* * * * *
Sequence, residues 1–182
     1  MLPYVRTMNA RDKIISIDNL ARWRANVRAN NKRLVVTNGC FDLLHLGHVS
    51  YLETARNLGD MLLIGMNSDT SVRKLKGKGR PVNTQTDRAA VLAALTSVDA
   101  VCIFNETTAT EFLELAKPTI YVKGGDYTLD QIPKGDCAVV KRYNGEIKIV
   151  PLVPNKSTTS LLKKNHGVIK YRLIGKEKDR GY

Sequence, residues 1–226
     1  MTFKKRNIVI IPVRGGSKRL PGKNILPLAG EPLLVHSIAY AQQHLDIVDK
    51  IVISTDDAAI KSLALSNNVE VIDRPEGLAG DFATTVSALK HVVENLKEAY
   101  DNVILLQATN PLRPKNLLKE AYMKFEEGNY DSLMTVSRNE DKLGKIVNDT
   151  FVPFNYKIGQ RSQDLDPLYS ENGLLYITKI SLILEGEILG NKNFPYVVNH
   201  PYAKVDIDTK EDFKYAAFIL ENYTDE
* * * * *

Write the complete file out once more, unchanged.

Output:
Sequence, residues 1–182
     1  MLPYVRTMNA RDKIISIDNL ARWRANVRAN NKRLVVTNGC FDLLHLGHVS
    51  YLETARNLGD MLLIGMNSDT SVRKLKGKGR PVNTQTDRAA VLAALTSVDA
   101  VCIFNETTAT EFLELAKPTI YVKGGDYTLD QIPKGDCAVV KRYNGEIKIV
   151  PLVPNKSTTS LLKKNHGVIK YRLIGKEKDR GY

Sequence, residues 1–226
     1  MTFKKRNIVI IPVRGGSKRL PGKNILPLAG EPLLVHSIAY AQQHLDIVDK
    51  IVISTDDAAI KSLALSNNVE VIDRPEGLAG DFATTVSALK HVVENLKEAY
   101  DNVILLQATN PLRPKNLLKE AYMKFEEGNY DSLMTVSRNE DKLGKIVNDT
   151  FVPFNYKIGQ RSQDLDPLYS ENGLLYITKI SLILEGEILG NKNFPYVVNH
   201  PYAKVDIDTK EDFKYAAFIL ENYTDE